Cellular and RAS Changes in the Hearts of Young Obese Rats
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- Ha, K.S., Yoo, K.H., Yim, H.E. et al. Pediatr Cardiol (2011) 32: 659. doi:10.1007/s00246-011-9952-5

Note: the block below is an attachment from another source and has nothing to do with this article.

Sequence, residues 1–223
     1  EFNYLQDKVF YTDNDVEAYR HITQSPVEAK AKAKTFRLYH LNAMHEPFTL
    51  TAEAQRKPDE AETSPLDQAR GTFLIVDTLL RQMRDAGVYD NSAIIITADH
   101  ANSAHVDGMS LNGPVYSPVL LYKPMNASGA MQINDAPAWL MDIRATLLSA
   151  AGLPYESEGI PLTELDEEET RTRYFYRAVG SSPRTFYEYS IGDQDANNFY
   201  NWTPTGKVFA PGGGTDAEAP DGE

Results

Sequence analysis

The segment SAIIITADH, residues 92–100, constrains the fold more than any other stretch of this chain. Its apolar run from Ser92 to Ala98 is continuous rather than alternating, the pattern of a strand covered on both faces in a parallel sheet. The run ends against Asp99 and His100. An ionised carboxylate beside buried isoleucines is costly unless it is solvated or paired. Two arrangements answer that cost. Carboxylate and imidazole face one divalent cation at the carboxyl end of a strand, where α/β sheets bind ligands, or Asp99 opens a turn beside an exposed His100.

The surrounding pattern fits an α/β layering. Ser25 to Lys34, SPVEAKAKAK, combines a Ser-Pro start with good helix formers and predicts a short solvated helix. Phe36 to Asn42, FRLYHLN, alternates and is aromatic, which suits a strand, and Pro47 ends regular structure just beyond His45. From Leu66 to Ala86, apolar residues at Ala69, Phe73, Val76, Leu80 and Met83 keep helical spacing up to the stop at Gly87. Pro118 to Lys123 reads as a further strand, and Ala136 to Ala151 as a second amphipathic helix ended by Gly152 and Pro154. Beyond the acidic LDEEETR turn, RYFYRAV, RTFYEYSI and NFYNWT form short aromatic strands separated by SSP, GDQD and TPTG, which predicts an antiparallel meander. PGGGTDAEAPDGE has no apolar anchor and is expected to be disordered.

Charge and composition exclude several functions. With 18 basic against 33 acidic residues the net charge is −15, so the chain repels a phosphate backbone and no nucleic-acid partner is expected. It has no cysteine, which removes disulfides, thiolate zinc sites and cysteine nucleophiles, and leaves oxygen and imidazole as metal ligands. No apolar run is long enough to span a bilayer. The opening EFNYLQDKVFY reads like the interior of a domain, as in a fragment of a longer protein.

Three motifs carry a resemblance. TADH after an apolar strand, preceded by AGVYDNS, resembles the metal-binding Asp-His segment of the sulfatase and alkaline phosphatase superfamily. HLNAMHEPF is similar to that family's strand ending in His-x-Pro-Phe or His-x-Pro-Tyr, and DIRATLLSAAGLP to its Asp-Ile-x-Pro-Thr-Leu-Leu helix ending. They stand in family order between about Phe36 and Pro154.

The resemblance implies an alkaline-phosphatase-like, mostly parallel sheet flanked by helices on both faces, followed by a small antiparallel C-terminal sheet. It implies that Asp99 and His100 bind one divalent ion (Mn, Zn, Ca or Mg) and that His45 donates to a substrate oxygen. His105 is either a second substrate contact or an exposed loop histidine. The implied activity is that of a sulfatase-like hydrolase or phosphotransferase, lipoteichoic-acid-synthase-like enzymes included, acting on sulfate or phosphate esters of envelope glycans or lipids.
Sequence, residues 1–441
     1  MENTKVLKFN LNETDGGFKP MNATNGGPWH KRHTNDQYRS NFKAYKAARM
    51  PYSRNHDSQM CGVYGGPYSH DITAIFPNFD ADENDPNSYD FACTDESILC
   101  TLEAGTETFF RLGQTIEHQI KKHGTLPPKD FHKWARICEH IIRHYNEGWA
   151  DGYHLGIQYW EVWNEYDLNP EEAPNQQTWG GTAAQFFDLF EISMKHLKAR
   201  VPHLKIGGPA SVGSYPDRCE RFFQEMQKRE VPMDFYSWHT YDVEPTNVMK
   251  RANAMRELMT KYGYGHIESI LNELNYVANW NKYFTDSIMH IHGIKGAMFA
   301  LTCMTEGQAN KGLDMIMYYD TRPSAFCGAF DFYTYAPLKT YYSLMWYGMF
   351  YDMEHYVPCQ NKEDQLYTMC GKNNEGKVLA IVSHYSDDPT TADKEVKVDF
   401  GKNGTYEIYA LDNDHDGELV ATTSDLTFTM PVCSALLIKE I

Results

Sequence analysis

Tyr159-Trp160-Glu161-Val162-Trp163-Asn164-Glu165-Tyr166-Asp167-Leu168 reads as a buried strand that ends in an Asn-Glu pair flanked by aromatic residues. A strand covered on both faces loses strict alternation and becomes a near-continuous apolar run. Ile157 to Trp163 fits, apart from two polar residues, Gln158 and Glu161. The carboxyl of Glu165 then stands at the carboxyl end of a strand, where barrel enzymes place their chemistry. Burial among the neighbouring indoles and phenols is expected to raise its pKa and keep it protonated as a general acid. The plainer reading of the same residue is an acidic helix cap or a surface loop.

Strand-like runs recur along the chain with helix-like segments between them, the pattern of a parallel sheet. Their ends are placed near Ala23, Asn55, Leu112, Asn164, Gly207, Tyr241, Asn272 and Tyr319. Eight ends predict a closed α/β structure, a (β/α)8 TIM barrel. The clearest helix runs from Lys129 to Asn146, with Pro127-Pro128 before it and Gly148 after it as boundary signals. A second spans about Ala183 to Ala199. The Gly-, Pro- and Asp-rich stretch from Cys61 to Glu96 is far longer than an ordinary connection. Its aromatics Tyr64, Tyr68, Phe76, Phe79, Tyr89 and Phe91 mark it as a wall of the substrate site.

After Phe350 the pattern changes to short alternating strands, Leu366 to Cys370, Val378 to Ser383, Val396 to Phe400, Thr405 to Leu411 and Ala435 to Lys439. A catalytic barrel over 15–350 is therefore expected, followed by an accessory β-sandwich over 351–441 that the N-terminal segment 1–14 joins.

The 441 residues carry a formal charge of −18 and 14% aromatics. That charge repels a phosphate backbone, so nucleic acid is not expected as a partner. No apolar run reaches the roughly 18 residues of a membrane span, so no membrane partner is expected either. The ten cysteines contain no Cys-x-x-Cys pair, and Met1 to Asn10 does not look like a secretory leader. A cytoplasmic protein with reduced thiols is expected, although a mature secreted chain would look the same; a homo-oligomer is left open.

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Obesity during childhood increases the risk of cardiac disease, hypertension, and other complications in adulthood. We investigated the cellular and renin-angiotensin system changes of the heart in obese young rats. We used Sprague–Dawley rats and early obesity was induced by overfeeding through adjusting the number of male pups per dam during the first 28 days of life. The body weight, heart weight, blood pressure, serum glucose, and blood pressure were assessed and we performed echocardiography, proliferating cell nuclear antigen (PCNA); assessment, apoptosis and Masson’s trichrome staining, and Western blotting and the results were compared between the normal litter (NL, control) and the small litter (SL, obesity). There were no differences in blood pressure and serum glucose, but the body weight increased 61.2% and the interventricular septal thickness in diastole on the echocardiography was increased in the SL. There was hyperplasia of the PCNA cells and apoptotic cells without cellular hypertrophy or change of the amount of collagen in the SL. On Western blotting, rennin, and angiotensin II type 2 receptor (AT2R) were increased without a change of angiotensin II type 1 receptor (AT1R) in the SL. Early obesity caused echocardiographically detected septal hypertrophy and an increase of cellular turnover. Renin and AT2R were upregulated without a change of AT1R and the increase of AT2R was regarded as a cardioprotective effect against the pathologic conditions caused by the early obesity.